Spaces for Change | S4C in partnership with Avocats Sans Frontieres |ASF, and Centre for Information Technology and Development |CITAD, launched the Enhancing Digital Rights in Nigeria (e-Rights) project at a ceremony held on March 29 in Abuja, Nigeria. The occasion brought together a diversity of participants from the diplomatic community, civil society organizations (CSOs), media practitioners, and regulatory agencies such as the Nigerian Communication Commission, Nigerian Information and Technology Development Agency, National Human Rights Commission, and the Nigerian Data Protection Bureau. The e-Rights project aims to harness the opportunities provided by new technologies to promote and protect the rights of Nigerians to a safer and more inclusive digital space.

Thanks to the advancement in digital technologies accompanied by the present-day information boom,  the spaces for mass mobilization and holding governments accountable are increasingly shifting from the streets to online platforms while amplifying the voice of citizens and civil societies.  Concerned about adequate safeguards for online activities and the rising influence of technology in building and sustaining democracies, governments are pushing back against the rise of technology-propelled people power primarily through the use of regulations and law enforcement mechanisms.  According to the Executive Director of Spaces for Change, it is important to strike a healthy balance between regulations and civic freedoms. To achieve this, accountability must lie at the core of regulatory controls. Not only that, regulations must be consistently and justly applied toward citizens, corporations, and non-state actors.  Other remarks by a broad spectrum of stakeholders not only welcomed the e-Rights project but also underscored the timeliness of the proposed initiatives designed to ensure that digital assets and spaces available to citizens to participate in governance remain free, safe, inclusive, and unobstructed.

Under the e-Rights Project, S4C will deploy technological solutions to empower civic actors to resist and challenge online repression. More specifically, the Closing Spaces Database – www.closingspaces.org –, hosted by S4C, will provide a safe online platform for reporting and monitoring digital rights breaches.  Tracking and documenting crackdowns on the digital rights of citizens on the database represents the first step in combating restrictions on civic freedoms. It does this by identifying and reporting the tactics, victims, gender, location, responsible state actors, and their collaborators that are limiting the ability of citizens to speak, assemble and organize freely on online platforms, especially social media. Spaces for Change has been tracking incidents of civic repression in Nigeria since 2016, and extended coverage to the West African sub-region in 2020. Currently, incidents are tracked on weekly intervals from media monitoring and other publicly available records of crackdowns on civic participation rights.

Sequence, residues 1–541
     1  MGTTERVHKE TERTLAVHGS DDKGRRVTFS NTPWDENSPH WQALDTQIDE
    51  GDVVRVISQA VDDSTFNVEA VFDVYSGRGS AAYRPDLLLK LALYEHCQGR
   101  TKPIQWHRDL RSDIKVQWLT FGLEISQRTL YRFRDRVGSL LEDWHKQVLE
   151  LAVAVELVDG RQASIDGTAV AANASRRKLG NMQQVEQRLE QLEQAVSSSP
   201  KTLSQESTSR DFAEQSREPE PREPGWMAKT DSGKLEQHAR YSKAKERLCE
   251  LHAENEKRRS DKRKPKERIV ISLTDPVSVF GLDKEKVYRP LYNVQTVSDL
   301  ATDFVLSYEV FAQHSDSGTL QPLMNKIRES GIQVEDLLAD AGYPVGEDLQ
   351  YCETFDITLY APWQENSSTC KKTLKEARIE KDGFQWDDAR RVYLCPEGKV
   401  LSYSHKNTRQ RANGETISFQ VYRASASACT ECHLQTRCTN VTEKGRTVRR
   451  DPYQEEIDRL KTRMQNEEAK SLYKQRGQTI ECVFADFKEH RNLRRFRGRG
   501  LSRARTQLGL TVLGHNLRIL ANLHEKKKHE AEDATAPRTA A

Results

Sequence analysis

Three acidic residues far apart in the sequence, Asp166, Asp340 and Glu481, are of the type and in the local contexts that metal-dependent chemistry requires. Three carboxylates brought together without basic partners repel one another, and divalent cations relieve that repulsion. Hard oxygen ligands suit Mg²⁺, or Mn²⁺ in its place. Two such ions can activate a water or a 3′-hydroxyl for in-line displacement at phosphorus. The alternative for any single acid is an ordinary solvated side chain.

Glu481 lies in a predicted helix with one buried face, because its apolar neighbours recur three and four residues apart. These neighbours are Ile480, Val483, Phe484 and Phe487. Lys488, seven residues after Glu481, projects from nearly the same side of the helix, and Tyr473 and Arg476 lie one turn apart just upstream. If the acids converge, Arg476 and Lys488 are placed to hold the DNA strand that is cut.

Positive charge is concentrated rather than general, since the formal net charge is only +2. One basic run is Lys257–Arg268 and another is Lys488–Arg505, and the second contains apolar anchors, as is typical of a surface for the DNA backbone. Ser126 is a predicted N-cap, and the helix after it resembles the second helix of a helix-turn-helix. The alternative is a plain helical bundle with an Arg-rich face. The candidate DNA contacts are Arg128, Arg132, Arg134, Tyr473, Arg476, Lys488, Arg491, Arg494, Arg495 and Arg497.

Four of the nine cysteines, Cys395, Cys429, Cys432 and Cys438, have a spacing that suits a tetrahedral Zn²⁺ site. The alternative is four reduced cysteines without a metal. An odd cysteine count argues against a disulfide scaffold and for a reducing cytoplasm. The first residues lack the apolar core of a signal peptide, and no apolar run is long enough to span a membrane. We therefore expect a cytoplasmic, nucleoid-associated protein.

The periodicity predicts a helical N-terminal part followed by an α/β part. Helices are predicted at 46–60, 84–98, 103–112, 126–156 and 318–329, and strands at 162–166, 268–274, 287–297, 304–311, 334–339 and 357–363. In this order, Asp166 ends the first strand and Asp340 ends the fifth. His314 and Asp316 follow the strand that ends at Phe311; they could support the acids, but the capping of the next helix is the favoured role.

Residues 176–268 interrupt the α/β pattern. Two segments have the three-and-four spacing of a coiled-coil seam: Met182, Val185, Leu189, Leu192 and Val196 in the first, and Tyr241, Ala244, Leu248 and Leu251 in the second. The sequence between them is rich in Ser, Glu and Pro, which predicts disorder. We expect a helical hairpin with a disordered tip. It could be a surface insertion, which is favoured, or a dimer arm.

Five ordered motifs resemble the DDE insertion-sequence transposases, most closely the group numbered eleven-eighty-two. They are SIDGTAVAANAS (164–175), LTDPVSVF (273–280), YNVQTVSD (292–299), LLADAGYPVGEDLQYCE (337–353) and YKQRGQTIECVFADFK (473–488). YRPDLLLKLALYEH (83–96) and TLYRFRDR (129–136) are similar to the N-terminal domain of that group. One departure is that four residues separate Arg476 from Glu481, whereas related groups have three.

Under the e-Rights project, the Closing Spaces Database will be open and accessible to human rights defenders, journalists, lawyers, and activists to track and report human rights violations in the digital sphere, while generating the data, statistics, and facts to support strategic litigation which will contribute to the development of the jurisprudence in this fairly new and evolving area of law.  The database will also support knowledge-building through the regular analysis of tracked incidents to understand the patterns and drivers of the repression of digital rights. This sort of information provides civic actors with the raw material and evidence they need to frame and inform their advocacy strategies and interventions. Other interventions in the e-Rights project include capacity-building programs for a broad range of target groups such as lawyers and judges; awareness creation in three states (Imo, Lagos, Kano, and the Federal Capital Territory) and establishing a Situation Room comprising civil society organizations, lawyers, academics, tech platform providers and government partners to foster collaboration and policy coordination on a wide range of digital rights issues.

Some of the expected outcomes of the e-Rights project, supported by the European Union, include strengthening the capacity of human rights defenders to recognize and deal with the digital threats they face in the course of their work, and creating an enabling environment for the enjoyment of digital rights in Nigeria. Activities under the project are to commence in April 2023 and will be implemented over 30 months in three States and the FCT- Abuja.

You might also like

Notify of
Inline Feedbacks
View all comments